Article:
gdb show thread names

Pedro Alves
Mon Jun 15 15:51:54 GMT 2020

On 6/13/20 11:22 PM, Jonny Grant wrote:
> On 13/06/2020 13:47, Philippe Waroquiers wrote:
>> One year ago, I started a patch to add Ada task names and thread names.
>> At the end, the patch for Ada task name went in, but for the thread
>> names, there were still some work to do e.g. it was unclear how to
>> properly give the thread name in some cases and/or 
>> have a consistent presentation of the thread name.
>> The (partial) patch was giving a behaviour so that we e.g. get:
>>       [New Thread 0x7ffff701b700 (LWP 13891) "sleepers"]
>>       [Switching to thread 2 (Thread 0x7ffff781c700 (LWP 13890) "sleepers")]
>>     instead of:
>>       [New Thread 0x7ffff701b700 (LWP 13918)]
>>       [Switching to thread 2 (Thread 0x7ffff781c700 (LWP 13917))]
>> Philippe
>> On Sat, 2020-06-13 at 01:16 +0100, Jonny Grant wrote:
>>> Hello
>>> Just wondering if gdb could show the thread names as they are created and deleted?
>>> [Thread 0x7fff695e9700 (LWP 3580240) exited]
>>> [New Thread 0x7fff98ff9700 (LWP 3580609)]
>>> $ cat /proc/3580609/comm
>>> ThreadPoolForeg
>>> Could be a race condition, if GDB showed the name, before it was renamed by the application, but still pretty useful to see the names.
>>> If I break, and type "info thread" I can see those still created.
>>> Jonny
> Hi Philippe
> That looks useful. Is "sleepers" the entrypoint symbol name?
> I can see it is tricky because a thread may not have been named by something like pthread_setname_np() if /proc/3580609/comm is read immediately by gdb before the name could be set.

Yes, I think that's the main issue -- we get a thread creation event before the
thread is renamed, so that means that the name GDB would print would be misleading.

So e.g., if we tweak gdb to print the thread name like this:

diff --git c/gdb/thread.c w/gdb/thread.c
index dfdb6b339bf..e04dce0ec5b 100644
--- c/gdb/thread.c
+++ w/gdb/thread.c
@@ -303,7 +303,10 @@ add_thread_with_info (process_stratum_target *targ, ptid_t ptid,
   result->priv.reset (priv);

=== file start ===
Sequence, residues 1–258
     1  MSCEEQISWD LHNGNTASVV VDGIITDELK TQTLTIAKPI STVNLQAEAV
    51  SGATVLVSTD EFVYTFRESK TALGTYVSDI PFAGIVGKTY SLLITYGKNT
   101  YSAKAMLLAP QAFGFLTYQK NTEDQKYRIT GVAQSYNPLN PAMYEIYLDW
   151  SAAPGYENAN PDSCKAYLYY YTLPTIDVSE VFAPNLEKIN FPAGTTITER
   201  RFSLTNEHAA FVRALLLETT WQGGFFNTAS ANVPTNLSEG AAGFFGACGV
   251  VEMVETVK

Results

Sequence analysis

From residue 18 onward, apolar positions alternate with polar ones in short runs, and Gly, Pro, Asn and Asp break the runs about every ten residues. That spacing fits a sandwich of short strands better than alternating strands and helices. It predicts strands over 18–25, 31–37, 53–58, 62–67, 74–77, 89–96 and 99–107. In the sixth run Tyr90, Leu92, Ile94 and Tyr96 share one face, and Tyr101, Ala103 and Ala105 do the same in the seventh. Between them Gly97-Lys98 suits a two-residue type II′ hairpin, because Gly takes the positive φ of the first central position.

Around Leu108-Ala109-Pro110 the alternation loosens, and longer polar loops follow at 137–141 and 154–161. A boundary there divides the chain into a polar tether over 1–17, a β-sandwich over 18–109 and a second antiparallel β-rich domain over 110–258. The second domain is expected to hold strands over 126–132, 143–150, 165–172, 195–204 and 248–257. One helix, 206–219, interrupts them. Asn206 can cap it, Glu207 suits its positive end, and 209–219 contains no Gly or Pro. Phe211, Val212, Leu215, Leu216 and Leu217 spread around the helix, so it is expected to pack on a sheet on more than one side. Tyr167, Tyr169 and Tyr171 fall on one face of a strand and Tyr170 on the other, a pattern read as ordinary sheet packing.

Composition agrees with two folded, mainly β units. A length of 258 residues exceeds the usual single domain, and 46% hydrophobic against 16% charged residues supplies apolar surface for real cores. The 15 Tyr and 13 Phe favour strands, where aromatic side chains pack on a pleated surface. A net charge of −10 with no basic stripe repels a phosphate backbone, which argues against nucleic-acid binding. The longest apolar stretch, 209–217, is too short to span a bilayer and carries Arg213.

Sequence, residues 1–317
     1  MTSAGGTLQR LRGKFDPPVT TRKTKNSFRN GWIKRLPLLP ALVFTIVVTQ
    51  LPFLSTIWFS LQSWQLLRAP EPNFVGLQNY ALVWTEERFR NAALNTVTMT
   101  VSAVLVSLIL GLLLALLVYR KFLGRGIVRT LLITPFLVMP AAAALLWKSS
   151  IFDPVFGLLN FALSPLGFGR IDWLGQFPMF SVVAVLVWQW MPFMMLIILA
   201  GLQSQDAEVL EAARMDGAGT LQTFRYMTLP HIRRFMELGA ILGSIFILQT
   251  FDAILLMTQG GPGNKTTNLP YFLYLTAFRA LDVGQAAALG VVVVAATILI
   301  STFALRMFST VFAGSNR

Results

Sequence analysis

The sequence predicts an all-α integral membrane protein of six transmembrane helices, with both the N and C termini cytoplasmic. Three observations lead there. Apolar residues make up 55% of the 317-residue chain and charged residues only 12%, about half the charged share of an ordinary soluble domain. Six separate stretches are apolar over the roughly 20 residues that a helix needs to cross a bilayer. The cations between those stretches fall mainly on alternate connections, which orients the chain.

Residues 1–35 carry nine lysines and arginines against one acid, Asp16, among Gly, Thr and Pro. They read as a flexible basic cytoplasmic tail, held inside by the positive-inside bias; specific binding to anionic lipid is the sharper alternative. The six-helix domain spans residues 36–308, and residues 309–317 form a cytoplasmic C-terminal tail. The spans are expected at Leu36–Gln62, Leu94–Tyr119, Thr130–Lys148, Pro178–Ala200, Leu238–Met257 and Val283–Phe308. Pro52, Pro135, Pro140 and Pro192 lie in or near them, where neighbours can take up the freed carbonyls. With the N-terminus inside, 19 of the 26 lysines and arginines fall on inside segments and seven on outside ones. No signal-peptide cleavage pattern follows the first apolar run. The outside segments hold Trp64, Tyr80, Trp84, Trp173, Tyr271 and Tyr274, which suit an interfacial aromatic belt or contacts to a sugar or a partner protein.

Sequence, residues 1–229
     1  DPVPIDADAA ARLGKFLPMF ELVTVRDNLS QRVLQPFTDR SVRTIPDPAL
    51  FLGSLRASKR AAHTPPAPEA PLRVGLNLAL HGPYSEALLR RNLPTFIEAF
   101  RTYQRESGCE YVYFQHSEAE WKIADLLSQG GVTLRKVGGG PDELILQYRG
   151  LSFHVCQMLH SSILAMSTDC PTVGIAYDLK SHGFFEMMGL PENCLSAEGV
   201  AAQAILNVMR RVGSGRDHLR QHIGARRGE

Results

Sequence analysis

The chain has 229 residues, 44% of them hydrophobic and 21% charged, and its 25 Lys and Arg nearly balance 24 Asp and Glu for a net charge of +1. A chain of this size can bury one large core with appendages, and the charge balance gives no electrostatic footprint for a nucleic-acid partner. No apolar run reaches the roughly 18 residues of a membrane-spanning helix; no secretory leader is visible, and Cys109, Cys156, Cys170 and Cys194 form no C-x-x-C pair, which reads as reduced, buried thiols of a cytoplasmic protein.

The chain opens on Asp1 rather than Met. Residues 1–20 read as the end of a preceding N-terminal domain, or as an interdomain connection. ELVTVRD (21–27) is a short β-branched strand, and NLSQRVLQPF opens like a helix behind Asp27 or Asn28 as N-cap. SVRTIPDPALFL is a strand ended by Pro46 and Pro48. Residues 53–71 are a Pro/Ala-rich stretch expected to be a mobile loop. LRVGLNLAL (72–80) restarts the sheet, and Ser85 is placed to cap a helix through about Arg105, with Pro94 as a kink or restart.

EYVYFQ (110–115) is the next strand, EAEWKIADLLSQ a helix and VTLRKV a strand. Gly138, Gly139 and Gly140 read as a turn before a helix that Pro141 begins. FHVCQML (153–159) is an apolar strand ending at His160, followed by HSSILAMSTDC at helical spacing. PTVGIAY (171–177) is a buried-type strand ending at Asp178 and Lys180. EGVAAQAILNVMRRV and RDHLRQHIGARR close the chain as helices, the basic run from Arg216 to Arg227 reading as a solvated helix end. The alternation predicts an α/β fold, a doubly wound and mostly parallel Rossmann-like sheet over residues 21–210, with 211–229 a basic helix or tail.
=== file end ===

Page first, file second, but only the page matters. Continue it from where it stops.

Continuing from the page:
if (print_thread_events)
-    printf_unfiltered (_("[New %s]\n"), target_pid_to_str (ptid).c_str ());
+    {
+      printf_unfiltered (_("[New %s \"%s\"]\n"), target_pid_to_str (ptid).c_str (),
+                        target_thread_name (result));
+    }

Then we get, on a GDB testcase that has threads immediately set their names
first thing:

(gdb) b all_threads_ready 
Breakpoint 1 at 0x4007f5: file /home/pedro/gdb/binutils-gdb/src/gdb/testsuite/gdb.threads/names.c, line 51.
(gdb) r
Starting program: /home/pedro/brno/pedro/gdb/binutils-gdb/build/gdb/testsuite/outputs/gdb.threads/names/names 
[Thread debugging using libthread_db enabled]
Using host libthread_db library "/lib64/".
[New Thread 0x7ffff74b8700 (LWP 24171) "main"]
[New Thread 0x7ffff6cb7700 (LWP 24172) "main"]
[New Thread 0x7ffff64b6700 (LWP 24173) "main"]

Thread 1 "main" hit Breakpoint 1, all_threads_ready () at /home/pedro/gdb/binutils-gdb/src/gdb/testsuite/gdb.threads/names.c:51
51      }
(gdb) info threads 
  Id   Target Id                                  Frame 
* 1    Thread 0x7ffff7fb5740 (LWP 24170) "main"   all_threads_ready () at /home/pedro/gdb/binutils-gdb/src/gdb/testsuite/gdb.threads/names.c:51
  2    Thread 0x7ffff74b8700 (LWP 24171) "carrot" 0x00007ffff7bc89aa in futex_wait (private=0, expected=4, futex_word=0x7fffffffd604) at ../sysdeps/unix/sysv/linux/futex-internal.h:61
  3    Thread 0x7ffff6cb7700 (LWP 24172) "potato" 0x00007ffff7bc89aa in futex_wait (private=0, expected=4, futex_word=0x7fffffffd604) at ../sysdeps/unix/sysv/linux/futex-internal.h:61
  4    Thread 0x7ffff64b6700 (LWP 24173) "celery" 0x00007ffff7bc89aa in futex_wait (private=0, expected=4, futex_word=0x7fffffffd604) at ../sysdeps/unix/sysv/linux/futex-internal.h:61

I.e., printing the thread name when the thread is created
looks more confusing than helpful to me.

Pedro Alves

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